The U.K.'s Inland Revenue department accidentally deleted almost 1 million taxpayer records from the years 1997 to 2000 because of an error in the way it maintained its databases, according to a report published Thursday.
The error led to more than 360,000 taxpayers who can't be identified missing out on payments they are due, and a further 22,000 not paying taxes they owe, according to the report, from the House of Commons' Public Accounts Committee.
Inland Revenue, which is now part of HM Revenue and Customs, acknowledged last year that it had been deleting files accidentally from its income tax database, known as the PAYE (Pay As You Earn) system. Thursday's report reveals more fully the scope of the problem and how it happened.
For 10 years or more the PAYE database has had a housekeeping function that deletes records when they are more than three years old, with the assumption that cases will have been closed by then. When the department developed a backlog of cases a few years ago, the housecleaning continued even for cases that had yet to be dealt with, the report said.
The Public Accounts Committee grilled the Inland Revenue about the problems at a hearing in January. Committee members were bemused that records had to be deleted so frequently, according to a transcript included with Thursday's report.
"Anybody who has seen an ad for the Oxford English dictionary, which is 20 volumes, or an ad for Encyclopedia Britannica, which is Lord knows how many more volumes, knows you can fit an awful lot of data on one CD," said Committee member Richard Bacon, the Conservative member of Parliament for South Norfolk.
Why, then, did Inland Revenue have to cleanse its databases so frequently? he asked.
David Varney, the executive chairman of HM Revenue and Customs, replied that storage was much more expensive when the system was first developed. The department has since extended the period for deleting cases to six years, he said.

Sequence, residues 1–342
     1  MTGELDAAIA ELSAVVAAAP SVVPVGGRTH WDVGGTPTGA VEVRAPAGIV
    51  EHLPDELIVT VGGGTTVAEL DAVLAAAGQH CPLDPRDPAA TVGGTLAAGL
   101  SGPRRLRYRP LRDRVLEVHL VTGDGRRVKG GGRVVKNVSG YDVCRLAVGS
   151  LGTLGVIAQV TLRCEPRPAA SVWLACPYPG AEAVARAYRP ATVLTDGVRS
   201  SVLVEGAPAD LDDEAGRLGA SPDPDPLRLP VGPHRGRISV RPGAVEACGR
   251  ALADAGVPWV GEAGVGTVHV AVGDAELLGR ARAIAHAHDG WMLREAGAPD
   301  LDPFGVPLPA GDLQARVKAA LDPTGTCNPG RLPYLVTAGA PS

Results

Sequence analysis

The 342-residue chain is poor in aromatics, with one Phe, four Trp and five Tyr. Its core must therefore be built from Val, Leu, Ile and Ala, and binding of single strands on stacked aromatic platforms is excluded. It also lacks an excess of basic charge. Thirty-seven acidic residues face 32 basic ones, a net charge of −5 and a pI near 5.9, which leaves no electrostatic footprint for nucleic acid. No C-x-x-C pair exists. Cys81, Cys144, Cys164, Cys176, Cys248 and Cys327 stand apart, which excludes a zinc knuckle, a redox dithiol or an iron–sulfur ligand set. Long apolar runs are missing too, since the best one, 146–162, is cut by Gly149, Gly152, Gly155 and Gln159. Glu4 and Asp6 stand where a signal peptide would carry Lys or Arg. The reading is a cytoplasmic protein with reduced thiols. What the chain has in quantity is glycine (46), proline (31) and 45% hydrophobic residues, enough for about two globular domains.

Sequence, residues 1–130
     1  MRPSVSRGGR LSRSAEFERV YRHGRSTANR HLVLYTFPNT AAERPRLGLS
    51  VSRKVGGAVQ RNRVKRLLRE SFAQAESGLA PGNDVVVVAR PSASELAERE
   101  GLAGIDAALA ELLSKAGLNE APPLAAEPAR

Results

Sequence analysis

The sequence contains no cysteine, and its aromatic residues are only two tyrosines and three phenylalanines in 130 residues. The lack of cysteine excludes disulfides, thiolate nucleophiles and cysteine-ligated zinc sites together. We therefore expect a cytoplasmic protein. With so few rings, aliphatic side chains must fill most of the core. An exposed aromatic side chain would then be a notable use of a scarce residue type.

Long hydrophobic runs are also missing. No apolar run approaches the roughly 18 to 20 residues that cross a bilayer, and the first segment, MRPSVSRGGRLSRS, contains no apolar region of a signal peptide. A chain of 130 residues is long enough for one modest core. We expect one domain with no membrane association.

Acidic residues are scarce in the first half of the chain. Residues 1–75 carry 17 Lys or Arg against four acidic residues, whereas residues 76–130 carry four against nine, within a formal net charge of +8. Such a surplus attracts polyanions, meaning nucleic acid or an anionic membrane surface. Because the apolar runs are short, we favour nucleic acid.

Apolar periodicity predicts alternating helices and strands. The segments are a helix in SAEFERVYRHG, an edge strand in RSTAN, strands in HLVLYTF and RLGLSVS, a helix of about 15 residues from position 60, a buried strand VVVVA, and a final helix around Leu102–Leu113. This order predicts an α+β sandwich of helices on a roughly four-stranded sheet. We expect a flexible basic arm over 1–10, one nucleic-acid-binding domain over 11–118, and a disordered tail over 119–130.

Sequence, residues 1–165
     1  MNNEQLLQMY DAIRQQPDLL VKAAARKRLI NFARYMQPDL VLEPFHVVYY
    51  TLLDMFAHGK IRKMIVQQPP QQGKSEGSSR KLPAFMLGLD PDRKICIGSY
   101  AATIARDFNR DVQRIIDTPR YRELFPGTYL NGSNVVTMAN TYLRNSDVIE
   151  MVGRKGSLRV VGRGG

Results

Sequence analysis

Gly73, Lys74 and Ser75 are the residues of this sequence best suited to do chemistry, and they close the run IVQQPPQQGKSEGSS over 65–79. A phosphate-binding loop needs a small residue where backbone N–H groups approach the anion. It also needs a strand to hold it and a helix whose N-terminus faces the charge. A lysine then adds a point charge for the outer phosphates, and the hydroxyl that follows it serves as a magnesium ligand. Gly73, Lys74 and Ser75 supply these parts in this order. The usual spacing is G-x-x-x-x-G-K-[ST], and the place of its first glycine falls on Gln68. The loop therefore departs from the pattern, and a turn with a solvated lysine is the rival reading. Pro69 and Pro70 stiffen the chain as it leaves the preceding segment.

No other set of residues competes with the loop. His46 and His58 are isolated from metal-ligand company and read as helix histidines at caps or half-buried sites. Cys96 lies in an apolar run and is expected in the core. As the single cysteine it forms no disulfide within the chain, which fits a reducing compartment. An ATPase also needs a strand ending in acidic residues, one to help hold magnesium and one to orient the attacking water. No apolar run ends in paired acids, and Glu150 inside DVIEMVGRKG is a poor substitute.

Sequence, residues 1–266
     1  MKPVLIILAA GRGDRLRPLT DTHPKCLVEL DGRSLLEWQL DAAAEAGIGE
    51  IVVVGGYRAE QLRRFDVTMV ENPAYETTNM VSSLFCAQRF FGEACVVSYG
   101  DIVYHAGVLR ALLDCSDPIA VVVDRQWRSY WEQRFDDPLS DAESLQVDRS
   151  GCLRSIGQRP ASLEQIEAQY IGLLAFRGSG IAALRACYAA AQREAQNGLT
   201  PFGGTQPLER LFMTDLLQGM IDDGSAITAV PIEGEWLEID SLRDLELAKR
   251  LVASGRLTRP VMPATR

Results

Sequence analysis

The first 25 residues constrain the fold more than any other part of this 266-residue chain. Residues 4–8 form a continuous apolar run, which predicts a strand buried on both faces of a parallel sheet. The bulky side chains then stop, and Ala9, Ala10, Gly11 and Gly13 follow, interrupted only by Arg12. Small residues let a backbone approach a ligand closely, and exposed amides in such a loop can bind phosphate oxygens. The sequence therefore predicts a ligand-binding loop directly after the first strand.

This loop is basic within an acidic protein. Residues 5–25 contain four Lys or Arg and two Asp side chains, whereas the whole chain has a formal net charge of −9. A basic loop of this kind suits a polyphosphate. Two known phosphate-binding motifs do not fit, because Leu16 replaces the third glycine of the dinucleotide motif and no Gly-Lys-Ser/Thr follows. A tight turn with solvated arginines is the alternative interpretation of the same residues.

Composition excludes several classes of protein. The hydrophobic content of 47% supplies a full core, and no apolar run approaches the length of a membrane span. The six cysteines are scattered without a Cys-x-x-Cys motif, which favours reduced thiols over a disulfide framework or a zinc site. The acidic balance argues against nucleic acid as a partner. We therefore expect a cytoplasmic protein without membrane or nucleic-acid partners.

Bacon was unconvinced.
"I must say, you make it sound like HAL 9000 going off and doing its own thing completely independent of human hand," he said, referring to the rogue computer in the movie "2001: A Space Odyssey."
The department first discovered it had been wrongly deleting files in 2003 when it introduced a new system that could monitor the PAYE system, according to the report. It now stores the deleted cases in a backup file so it can restore them if it needs to.
The problems involve the U.K.'s Working Families and Disabled Person's Tax Credits system, which was replaced in April 2003 by an updated system called the Child Tax Credit and Working Tax Credits system. The new system is also dogged by problems and may be too complex ever to implement properly, the report says.
In 2003-2004, tax credits were awarded to some 5.7 million U.K. families for a total value of £16 billion (US$29 billion). As many as a third of the claimants were overpaid that year, according to the report. The most recent estimate, from 2003, puts the typical level of overpayment at between 10 percent and 14 percent, caused by a combination of fraud and error.
The report notes that HM Revenue and Customs has been negotiating with Electronic Data Systems Corp. (EDS), its previous IT services provider, for compensation over what it considers unsatisfactory system performance. EDS has not accepted the findings of an independent arbiter, according to the report, and the department is "considering its legal options."
The report is at http://www.publications.parliament.uk/pa/cm200506/cmselect/cmpubacc/412/412.pdf
The U.K. government has been dogged by troubles with its computer systems. The Child Support Agency's case management system, for example, launched behind schedule and over budget in 2003, and has been blamed for delaying payments to tens of thousands of single parents.
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